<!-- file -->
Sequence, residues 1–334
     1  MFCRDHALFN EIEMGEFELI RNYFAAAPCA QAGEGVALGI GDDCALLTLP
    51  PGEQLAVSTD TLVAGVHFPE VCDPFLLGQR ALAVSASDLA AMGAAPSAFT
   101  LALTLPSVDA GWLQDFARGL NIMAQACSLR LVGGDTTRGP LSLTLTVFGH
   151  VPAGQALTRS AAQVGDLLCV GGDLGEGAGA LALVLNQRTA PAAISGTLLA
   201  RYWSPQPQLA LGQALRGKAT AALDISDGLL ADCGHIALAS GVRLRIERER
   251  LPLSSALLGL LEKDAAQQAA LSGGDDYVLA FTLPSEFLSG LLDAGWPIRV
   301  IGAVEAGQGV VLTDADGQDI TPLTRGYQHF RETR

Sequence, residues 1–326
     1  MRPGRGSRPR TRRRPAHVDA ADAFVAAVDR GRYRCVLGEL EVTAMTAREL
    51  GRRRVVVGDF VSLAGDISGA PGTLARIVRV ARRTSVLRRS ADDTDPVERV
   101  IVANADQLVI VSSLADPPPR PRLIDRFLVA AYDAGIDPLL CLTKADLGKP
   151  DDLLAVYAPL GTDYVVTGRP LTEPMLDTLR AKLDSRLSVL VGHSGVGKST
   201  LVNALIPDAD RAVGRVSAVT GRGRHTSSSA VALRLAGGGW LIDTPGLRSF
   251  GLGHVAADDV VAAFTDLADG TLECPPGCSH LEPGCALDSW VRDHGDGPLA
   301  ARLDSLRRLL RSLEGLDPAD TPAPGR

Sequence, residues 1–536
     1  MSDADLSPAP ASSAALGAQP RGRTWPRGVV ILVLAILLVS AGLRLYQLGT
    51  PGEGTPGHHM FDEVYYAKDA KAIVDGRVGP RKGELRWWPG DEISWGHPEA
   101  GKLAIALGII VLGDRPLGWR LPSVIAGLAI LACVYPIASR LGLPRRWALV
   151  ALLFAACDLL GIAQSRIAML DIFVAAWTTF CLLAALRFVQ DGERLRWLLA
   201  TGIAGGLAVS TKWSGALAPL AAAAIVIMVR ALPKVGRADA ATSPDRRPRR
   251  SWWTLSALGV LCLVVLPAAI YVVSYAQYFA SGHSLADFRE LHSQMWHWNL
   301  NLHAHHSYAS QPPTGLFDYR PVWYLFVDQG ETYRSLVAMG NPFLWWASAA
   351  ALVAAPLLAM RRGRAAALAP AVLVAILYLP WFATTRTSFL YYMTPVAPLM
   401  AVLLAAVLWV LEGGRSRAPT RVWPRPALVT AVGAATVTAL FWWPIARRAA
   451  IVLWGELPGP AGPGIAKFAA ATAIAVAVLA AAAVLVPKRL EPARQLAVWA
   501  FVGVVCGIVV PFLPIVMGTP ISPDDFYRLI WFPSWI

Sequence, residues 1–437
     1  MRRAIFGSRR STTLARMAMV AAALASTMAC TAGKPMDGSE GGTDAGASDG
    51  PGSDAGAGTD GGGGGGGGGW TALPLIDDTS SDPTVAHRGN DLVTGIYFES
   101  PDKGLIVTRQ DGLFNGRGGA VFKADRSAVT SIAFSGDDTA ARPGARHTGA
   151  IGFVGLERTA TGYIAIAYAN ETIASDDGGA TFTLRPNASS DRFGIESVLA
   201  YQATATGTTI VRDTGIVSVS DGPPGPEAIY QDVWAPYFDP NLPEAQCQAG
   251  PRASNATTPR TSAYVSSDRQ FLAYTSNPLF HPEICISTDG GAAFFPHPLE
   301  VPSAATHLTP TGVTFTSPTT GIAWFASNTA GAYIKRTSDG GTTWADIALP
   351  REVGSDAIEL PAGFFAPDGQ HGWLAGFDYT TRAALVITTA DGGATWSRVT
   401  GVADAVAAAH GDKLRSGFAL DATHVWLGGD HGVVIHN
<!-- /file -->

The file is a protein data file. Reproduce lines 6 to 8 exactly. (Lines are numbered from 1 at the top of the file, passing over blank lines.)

   201  RYWSPQPQLA LGQALRGKAT AALDISDGLL ADCGHIALAS GVRLRIERER
   251  LPLSSALLGL LEKDAAQQAA LSGGDDYVLA FTLPSEFLSG LLDAGWPIRV
   301  IGAVEAGQGV VLTDADGQDI TPLTRGYQHF RETR